I keep a bull pup [STUD]

The new Sherlock Holmes film has revived a minor controversy that has puzzled students of The Canon for quite a while. This is brought about by the existence in the film of Gladstone, a young bulldog.

In A Study In Scarlet when Holmes and I first meet at St Bartholomew’s Hospital in London and we are discussing whether we could share lodgings, we each list our shortcomings. Amongst mine I mention that I kept a “bull pup”.

Many have pointed out that this “animal” is never mentioned again. The reason for that is that no such “animal” existed!

The bull pup I referred to was my army revolver. Such short-barrelled, high calibre revolver is often referred to colloquially as a “bull pup”.

As some others have realised, a domestic pet was impossible on Afghanistan, illegal on the Orontes, inappropriate for a private hotel, and invisible in Baker Street!

Comments

6 Responses

  1. Mike Grant says:

    I’ve heard it said that “I keep a bull pup” is 1880s Indian Army slang expression which means “I have fits of quick temper”

    • Scott Ryan says:

      The “army slang” theory is due entirely to Jacques Barzun, who published it in his book _Simple And Direct_. He’s a fan of detective fiction and a dedicated Sherlockian, and as far as I’ve ever been able to determine, he just made it up.

      • Molly Carr says:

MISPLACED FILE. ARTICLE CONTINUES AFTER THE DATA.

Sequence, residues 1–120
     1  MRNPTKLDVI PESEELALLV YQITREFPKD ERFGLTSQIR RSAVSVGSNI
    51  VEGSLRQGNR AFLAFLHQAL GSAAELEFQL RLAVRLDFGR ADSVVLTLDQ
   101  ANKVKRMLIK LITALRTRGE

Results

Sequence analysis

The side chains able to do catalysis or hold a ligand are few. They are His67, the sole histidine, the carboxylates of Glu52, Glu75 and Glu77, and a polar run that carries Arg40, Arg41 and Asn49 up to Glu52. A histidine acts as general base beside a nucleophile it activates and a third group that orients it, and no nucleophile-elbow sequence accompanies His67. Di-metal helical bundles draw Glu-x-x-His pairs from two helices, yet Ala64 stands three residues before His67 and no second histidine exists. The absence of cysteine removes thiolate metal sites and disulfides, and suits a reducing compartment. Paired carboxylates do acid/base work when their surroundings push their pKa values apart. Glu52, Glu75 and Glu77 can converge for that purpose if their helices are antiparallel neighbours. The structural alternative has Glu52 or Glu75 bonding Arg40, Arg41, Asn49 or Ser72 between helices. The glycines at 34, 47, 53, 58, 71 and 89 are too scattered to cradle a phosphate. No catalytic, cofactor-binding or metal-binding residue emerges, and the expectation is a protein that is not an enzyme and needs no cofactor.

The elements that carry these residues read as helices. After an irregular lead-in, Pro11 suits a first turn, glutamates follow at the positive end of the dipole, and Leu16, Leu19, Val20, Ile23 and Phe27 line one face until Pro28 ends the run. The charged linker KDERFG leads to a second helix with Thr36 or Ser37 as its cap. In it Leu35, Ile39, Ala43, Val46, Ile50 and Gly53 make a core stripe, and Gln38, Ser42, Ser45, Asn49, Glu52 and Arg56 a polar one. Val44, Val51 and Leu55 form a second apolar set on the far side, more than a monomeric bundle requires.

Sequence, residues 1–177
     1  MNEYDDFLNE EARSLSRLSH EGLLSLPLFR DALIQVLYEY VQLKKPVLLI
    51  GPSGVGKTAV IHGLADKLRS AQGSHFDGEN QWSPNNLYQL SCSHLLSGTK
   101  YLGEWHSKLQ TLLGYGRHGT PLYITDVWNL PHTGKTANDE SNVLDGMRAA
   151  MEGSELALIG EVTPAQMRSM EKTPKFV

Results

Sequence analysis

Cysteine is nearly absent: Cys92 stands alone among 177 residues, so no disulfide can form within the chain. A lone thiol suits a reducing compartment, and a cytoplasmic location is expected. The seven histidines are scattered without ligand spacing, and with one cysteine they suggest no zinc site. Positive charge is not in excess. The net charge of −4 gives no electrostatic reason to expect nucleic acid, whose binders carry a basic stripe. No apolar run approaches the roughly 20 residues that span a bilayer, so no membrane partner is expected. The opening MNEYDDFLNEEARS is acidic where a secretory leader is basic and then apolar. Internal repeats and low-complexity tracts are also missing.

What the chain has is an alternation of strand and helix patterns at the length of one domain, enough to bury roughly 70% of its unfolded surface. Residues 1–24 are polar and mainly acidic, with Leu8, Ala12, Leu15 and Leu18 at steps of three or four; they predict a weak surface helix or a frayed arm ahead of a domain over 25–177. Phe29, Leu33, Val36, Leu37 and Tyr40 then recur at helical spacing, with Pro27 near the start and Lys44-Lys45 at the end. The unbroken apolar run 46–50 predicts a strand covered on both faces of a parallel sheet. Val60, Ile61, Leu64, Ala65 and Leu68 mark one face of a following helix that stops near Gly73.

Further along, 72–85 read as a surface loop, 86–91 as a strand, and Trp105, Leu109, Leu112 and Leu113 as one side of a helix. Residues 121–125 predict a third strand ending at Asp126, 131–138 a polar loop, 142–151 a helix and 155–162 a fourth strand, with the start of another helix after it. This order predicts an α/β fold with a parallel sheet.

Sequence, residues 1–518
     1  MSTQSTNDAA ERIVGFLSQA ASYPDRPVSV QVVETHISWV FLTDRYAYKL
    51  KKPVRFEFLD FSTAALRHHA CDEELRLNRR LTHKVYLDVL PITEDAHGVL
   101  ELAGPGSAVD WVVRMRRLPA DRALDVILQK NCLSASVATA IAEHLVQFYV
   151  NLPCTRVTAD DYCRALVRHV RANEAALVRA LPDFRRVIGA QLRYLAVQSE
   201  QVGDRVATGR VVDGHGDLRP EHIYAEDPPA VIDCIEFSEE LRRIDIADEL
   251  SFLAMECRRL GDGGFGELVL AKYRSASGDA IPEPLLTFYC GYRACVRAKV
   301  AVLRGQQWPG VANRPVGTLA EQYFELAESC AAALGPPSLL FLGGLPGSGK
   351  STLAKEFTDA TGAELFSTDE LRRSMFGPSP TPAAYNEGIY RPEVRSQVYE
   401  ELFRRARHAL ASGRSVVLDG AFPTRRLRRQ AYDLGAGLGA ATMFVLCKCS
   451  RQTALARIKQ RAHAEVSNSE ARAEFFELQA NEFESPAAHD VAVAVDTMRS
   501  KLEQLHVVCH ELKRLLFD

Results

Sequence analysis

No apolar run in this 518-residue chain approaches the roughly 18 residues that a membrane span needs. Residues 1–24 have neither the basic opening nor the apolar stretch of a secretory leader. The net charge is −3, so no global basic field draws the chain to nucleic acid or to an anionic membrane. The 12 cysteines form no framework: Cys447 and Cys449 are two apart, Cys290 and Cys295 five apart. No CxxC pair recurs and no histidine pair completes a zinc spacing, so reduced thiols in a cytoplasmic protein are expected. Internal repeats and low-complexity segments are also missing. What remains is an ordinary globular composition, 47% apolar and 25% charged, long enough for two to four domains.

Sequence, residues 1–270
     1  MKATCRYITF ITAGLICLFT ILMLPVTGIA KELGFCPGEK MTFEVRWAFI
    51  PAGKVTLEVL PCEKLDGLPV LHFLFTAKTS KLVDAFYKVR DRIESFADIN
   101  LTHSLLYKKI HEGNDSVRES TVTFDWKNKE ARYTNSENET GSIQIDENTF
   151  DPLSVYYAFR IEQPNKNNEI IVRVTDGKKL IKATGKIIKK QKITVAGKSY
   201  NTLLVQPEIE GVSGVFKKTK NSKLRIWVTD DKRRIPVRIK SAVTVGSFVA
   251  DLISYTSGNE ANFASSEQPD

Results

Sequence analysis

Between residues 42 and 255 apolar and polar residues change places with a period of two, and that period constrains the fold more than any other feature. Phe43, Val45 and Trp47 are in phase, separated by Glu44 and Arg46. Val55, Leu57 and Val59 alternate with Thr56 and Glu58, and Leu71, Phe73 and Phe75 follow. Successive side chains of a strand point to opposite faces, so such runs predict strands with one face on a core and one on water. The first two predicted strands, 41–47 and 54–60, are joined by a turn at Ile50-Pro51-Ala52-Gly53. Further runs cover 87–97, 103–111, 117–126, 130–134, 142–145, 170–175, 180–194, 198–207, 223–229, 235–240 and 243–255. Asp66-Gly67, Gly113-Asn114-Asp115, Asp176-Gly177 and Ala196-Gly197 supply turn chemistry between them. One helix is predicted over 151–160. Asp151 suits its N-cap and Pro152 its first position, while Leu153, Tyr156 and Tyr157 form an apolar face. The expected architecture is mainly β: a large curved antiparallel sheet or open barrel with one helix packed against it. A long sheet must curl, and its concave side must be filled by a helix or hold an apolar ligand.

Jack Tracy in his Encyclopaedia Sherlockiana also mentions this expression
        but doesn’t, as far as I can see, give his source. Although Farmer’s Dictionary is included in the bibliography.

  2. Lasse Hoff says:

    Firstly, it seems strange that Watson should list “owning a gun” as one of his “shortcomings” or bad sides, and that it should be the first to spring to his mind.
    Secondly, did Holmes forget Watson’s firearm? Later in the story he asks Watson, “Have you any arms”?

  3. Joe Gladney says:

    The mystery continues…

    Just this evening a friend used the term “Bull Pup” (or “Bullpup”) while discussing a particular rifle and my ears immediately pricked up. Turns out a BP refers to the configuration of some rifles and I surmised that it could refer to a hand gun as well (my friend wasn’t sure) and that’s probably what Watson meant by his “bull pup” comment. Although if it was that simple, I wonder why I’ve never heard that explanation before and I wonder too why Watson would, as Lasse points out, consider owning a firearm a short coming?

    • The Good Doctor says:

      I was referring colloquially to my army revolver as I thought someone might be concerned about sharing rooms with someone who kept a gun.

      JHW

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